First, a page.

In computer science, we could take inspiration from biological approach to solve problems. Nature doesn't brute force solutions, it creates a multitude of possible solutions through recombinations of previous answers. Again, it's an over-simplification because in the real world challenges modify themselves, too, but the basis of the approach are still valid in a digital world. GAs (genetic algorithms) inherits some biology terms. We could identify: chromosome/individual, as a single solution to a given problem; population, as the array of possible solutions; gene, or a part (byte) of an individual; fitness, or the degree of adequacy of a certain solution; crossover/inbreeding, as the recombinations of solutions into new ones; mutation, or the random change which could occur into a solution.

Genetic algorithm overall

Let's consider a simple problem: we have a numeric target, let's say the number 5. This number can be saw as our world's challenge (or the solution domain). In our world we'll have inhabitants, and let's say the population is composed by a certain amount of mathematical operations.
We take for example 100 random operations for start. Each operation must confront itself with the challenge, trying to solve it. This match is called "fitness". Fitness could be defined, as we saw above regarding to biological beings, as the rate of adequacy in a given solution domain.

For example, the operation "0 + 0", will have a low fitness, because it cannot produce a value near to our target, but "0 + 5" will be a perfect valid answer. We must procede in evaluating every member of our population, calculating fitness for each of them. Through this process, we'll find the best (or "fittest") answers to our problems. At this point, we take some pairs of individuals amongst the best, "inbreeding" them to produce new elements that share characteristics from both parents, and repeat the process for our entire population (if we wish to mantain a specific number of elements, at the end of the process we must discard a number of the worst elements which equals the number of new elements created).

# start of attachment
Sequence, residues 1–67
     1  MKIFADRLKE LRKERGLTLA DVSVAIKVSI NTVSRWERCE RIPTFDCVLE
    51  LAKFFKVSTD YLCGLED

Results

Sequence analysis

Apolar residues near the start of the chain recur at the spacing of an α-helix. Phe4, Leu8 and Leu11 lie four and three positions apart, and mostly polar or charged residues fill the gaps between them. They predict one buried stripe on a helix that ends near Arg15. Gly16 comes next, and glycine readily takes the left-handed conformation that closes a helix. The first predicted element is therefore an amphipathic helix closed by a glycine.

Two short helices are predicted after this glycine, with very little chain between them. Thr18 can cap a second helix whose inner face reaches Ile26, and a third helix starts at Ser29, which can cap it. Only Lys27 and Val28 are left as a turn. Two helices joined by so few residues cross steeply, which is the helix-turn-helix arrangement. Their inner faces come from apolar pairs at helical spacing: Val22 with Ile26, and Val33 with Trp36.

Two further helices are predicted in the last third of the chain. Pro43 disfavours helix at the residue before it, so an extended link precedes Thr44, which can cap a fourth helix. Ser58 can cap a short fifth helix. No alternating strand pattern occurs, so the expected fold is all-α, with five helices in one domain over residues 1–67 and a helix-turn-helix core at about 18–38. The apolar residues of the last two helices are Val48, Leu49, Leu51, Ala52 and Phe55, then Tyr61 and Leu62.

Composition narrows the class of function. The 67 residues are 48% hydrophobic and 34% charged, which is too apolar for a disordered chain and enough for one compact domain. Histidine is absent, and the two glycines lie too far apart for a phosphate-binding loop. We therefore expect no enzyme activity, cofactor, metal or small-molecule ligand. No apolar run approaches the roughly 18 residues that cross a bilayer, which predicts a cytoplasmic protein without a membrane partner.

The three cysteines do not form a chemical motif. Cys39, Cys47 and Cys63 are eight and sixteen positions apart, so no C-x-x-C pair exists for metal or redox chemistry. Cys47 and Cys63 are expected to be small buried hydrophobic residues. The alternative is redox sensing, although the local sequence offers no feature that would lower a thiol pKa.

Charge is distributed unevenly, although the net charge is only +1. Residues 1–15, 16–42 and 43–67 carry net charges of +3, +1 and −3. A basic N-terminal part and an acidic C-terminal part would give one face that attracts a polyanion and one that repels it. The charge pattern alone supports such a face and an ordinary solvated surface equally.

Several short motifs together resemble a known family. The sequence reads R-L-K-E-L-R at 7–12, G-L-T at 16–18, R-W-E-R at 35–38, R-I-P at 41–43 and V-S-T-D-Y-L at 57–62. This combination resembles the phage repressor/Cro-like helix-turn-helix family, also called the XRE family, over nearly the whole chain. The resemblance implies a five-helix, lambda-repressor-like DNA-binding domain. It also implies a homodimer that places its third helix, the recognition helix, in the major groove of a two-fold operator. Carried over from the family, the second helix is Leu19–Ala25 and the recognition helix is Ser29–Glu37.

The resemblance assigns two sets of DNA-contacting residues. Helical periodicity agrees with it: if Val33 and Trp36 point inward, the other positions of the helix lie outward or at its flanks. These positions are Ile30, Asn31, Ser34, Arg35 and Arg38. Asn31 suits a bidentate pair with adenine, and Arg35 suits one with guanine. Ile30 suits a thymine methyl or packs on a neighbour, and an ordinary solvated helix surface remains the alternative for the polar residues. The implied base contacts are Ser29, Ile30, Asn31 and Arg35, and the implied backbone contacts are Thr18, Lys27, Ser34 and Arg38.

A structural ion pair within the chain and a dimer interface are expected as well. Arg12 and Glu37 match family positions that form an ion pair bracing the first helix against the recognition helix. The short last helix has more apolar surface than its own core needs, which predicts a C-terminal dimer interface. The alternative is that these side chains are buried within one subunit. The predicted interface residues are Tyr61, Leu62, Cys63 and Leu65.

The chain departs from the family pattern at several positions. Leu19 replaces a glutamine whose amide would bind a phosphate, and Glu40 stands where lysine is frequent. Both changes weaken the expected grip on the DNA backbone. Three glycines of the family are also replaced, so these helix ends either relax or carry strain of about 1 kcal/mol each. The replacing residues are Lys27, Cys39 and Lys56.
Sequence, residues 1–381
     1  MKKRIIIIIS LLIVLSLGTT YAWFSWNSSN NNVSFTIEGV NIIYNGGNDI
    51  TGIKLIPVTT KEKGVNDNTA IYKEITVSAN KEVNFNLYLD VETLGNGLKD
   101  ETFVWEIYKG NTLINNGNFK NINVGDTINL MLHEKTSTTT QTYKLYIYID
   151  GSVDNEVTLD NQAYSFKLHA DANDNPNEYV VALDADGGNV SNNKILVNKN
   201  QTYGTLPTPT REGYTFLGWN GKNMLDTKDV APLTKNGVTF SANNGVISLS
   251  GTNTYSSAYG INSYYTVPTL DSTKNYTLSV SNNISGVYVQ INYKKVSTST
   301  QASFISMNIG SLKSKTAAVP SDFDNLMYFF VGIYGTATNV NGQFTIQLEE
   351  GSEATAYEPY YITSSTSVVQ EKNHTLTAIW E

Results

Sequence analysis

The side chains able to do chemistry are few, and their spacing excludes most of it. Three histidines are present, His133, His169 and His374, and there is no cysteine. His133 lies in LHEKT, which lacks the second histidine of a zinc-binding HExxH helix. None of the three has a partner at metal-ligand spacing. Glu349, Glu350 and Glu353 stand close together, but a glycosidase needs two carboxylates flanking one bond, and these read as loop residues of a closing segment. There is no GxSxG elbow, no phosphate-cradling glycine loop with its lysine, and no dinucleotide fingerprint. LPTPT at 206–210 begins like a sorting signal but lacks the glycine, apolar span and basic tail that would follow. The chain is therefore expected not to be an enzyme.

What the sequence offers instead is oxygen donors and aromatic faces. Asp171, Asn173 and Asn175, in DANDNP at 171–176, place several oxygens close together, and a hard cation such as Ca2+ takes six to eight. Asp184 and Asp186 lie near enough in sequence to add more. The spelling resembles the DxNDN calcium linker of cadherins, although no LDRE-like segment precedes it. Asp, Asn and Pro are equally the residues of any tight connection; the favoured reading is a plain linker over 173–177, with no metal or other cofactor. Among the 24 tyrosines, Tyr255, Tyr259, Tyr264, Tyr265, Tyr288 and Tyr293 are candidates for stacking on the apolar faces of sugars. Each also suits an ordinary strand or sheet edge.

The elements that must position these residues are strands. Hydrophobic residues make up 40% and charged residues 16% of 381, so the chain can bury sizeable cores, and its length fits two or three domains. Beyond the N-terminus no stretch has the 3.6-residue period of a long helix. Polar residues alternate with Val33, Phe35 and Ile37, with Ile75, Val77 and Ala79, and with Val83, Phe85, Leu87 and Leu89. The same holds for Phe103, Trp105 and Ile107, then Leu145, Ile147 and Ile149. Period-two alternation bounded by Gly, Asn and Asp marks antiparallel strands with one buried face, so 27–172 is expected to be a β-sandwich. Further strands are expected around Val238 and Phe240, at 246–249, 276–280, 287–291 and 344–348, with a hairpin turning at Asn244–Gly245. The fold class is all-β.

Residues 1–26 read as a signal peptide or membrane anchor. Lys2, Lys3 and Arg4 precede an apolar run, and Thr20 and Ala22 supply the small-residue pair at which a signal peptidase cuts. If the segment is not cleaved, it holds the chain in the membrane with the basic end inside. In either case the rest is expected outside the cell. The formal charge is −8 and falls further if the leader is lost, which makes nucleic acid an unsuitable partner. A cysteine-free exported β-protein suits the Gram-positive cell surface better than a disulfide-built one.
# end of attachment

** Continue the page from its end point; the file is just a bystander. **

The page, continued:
A new generation of solutions is born - nearer to our target, we hope - awaiting to be tested against our problem. Rinse and repeat until valid solutions are born. Living beings pass on their DNA, their genetic code, to their sons and daughters. In computer science, everything is composed by bytes, and we could consider them like a kind of digital DNA, a representation of what an individual is. In the above example, we could represent an operation using six bytes: the first and the last two to represent numbers between 0 and 255 (from 00 to FF), while the two bytes between them can represent the operator (for example 00 = +, 01 = -, etc.).